results for au:Grimm_C in:cs

- Oct 27 2017 cs.LG arXiv:1710.09718v1We examine the problem of learning mappings from state to state, suitable for use in a model-based reinforcement-learning setting, that simultaneously generalize to novel states and can capture stochastic transitions. We show that currently popular generative adversarial networks struggle to learn these stochastic transition models but a modification to their loss functions results in a powerful learning algorithm for this class of problems.
- We examine the problem of learning and planning on high-dimensional domains with long horizons and sparse rewards. Recent approaches have shown great successes in many Atari 2600 domains. However, domains with long horizons and sparse rewards, such as Montezuma's Revenge and Venture, remain challenging for existing methods. Methods using abstraction (Dietterich 2000; Sutton, Precup, and Singh 1999) have shown to be useful in tackling long-horizon problems. We combine recent techniques of deep reinforcement learning with existing model-based approaches using an expert-provided state abstraction. We construct toy domains that elucidate the problem of long horizons, sparse rewards and high-dimensional inputs, and show that our algorithm significantly outperforms previous methods on these domains. Our abstraction-based approach outperforms Deep Q-Networks (Mnih et al. 2015) on Montezuma's Revenge and Venture, and exhibits backtracking behavior that is absent from previous methods.
- Generative adversarial networks (GANs) are an exciting alternative to algorithms for solving density estimation problems---using data to assess how likely samples are to be drawn from the same distribution. Instead of explicitly computing these probabilities, GANs learn a generator that can match the given probabilistic source. This paper looks particularly at this matching capability in the context of problems with one-dimensional outputs. We identify a class of function decompositions with properties that make them well suited to the critic role in a leading approach to GANs known as Wasserstein GANs. We show that Taylor and Fourier series decompositions belong to our class, provide examples of these critics outperforming standard GAN approaches, and suggest how they can be scaled to higher dimensional problems in the future.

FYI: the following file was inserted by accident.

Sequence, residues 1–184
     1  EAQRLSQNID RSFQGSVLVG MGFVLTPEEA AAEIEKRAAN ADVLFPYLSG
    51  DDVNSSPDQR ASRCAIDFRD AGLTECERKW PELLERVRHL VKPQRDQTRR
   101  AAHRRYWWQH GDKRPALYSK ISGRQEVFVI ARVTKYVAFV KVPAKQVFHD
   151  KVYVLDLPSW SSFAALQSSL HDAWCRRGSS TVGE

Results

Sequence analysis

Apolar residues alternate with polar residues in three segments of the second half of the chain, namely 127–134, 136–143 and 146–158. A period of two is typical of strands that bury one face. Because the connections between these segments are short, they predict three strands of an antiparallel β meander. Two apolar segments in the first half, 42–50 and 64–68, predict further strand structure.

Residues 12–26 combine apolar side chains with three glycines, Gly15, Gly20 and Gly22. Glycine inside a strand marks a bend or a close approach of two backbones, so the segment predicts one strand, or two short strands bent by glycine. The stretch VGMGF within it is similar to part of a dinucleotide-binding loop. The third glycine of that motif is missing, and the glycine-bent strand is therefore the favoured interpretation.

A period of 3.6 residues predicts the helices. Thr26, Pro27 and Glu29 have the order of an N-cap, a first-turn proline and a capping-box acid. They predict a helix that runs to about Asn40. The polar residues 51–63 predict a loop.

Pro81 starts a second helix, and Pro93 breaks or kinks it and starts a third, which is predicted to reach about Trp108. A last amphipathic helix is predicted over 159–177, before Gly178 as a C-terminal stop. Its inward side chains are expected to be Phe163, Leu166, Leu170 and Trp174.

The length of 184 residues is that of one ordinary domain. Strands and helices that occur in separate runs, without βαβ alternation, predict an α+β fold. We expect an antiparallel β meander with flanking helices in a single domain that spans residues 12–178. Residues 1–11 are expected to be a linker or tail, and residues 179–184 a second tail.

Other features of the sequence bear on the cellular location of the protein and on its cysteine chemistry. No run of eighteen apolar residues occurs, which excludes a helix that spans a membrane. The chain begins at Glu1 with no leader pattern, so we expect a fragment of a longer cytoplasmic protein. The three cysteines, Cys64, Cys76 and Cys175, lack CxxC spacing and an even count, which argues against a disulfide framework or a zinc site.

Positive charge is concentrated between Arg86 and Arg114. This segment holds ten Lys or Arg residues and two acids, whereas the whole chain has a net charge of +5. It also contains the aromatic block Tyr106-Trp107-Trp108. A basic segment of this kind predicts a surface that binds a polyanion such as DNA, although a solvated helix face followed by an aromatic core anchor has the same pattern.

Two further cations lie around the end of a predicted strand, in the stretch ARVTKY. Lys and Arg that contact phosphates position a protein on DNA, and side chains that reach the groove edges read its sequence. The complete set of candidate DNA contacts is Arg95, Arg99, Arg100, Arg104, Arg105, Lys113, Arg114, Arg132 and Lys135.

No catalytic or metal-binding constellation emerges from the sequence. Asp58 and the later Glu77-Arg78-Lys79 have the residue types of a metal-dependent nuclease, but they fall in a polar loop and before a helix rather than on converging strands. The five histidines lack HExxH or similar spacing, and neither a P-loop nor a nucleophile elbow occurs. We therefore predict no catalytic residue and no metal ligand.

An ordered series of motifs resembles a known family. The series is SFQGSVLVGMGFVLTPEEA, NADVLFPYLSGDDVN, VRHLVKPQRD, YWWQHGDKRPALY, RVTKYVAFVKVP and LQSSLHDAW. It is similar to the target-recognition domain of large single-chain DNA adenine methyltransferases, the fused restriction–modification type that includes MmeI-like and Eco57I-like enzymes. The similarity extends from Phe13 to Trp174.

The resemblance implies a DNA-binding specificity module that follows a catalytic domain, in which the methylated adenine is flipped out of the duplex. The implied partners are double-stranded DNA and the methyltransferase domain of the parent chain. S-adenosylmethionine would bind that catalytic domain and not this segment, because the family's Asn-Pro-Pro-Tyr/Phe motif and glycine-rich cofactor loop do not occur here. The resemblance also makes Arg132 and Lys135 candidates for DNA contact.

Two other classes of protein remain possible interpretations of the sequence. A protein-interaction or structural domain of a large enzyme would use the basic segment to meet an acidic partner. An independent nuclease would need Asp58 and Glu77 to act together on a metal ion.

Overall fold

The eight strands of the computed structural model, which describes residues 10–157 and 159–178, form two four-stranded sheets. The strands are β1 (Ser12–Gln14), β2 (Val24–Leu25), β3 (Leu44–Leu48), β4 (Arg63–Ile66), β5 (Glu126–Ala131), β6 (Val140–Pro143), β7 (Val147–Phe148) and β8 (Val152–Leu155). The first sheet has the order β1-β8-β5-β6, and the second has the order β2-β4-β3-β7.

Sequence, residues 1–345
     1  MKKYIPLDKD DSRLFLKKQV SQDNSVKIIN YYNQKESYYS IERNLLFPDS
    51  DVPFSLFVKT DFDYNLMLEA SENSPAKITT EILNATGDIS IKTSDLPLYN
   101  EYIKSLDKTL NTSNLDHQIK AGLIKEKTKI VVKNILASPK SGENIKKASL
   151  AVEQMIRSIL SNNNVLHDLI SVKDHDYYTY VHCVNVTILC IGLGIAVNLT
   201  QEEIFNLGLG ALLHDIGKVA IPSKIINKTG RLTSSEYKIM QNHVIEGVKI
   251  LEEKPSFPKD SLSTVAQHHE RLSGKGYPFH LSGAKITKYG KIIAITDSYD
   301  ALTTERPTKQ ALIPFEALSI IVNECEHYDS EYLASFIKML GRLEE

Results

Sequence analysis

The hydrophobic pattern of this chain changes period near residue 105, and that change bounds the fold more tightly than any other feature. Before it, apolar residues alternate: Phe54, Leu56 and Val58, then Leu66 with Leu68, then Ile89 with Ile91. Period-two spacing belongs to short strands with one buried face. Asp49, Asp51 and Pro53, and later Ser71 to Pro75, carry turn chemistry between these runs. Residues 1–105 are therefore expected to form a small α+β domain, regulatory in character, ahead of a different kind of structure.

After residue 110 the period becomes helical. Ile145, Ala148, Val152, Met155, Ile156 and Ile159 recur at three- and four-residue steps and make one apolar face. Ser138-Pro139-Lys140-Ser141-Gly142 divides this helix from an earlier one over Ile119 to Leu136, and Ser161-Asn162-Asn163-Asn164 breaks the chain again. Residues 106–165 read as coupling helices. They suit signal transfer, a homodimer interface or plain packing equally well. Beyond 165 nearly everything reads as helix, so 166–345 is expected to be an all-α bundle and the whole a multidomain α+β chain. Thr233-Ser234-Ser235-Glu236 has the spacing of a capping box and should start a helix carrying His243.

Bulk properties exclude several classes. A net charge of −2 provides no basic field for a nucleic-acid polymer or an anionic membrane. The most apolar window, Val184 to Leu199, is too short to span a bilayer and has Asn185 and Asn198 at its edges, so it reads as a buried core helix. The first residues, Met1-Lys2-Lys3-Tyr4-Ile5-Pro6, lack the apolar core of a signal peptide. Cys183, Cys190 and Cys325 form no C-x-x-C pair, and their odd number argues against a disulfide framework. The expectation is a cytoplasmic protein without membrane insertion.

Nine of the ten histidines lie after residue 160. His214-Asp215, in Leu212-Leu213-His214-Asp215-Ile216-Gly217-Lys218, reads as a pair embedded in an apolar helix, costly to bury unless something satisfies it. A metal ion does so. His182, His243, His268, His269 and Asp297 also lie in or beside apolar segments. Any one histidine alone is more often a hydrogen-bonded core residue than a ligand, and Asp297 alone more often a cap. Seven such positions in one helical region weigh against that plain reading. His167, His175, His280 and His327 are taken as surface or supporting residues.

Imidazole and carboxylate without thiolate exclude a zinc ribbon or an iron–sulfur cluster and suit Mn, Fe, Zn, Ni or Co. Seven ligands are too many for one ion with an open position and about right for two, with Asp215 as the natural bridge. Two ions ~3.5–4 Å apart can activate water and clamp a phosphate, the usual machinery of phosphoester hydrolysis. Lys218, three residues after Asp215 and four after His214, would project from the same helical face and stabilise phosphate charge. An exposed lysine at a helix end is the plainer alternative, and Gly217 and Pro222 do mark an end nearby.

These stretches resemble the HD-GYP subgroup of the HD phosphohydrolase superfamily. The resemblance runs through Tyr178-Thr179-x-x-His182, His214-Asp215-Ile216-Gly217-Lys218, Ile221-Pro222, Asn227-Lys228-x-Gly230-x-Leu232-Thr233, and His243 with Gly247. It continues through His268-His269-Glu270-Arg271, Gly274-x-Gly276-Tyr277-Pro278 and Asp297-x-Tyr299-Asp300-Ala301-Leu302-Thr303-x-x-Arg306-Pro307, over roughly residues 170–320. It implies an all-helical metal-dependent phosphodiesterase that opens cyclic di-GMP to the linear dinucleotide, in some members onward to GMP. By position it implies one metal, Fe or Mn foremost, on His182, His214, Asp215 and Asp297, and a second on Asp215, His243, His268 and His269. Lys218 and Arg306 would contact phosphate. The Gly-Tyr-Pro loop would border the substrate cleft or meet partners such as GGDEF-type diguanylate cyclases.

- Jun 05 2017 cs.AI arXiv:1706.00536v1Deep neural networks are able to solve tasks across a variety of domains and modalities of data. Despite many empirical successes, we lack the ability to clearly understand and interpret the learned internal mechanisms that contribute to such effective behaviors or, more critically, failure modes. In this work, we present a general method for visualizing an arbitrary neural network's inner mechanisms and their power and limitations. Our dataset-centric method produces visualizations of how a trained network attends to components of its inputs. The computed "attention masks" support improved interpretability by highlighting which input attributes are critical in determining output. We demonstrate the effectiveness of our framework on a variety of deep neural network architectures in domains from computer vision, natural language processing, and reinforcement learning. The primary contribution of our approach is an interpretable visualization of attention that provides unique insights into the network's underlying decision-making process irrespective of the data modality.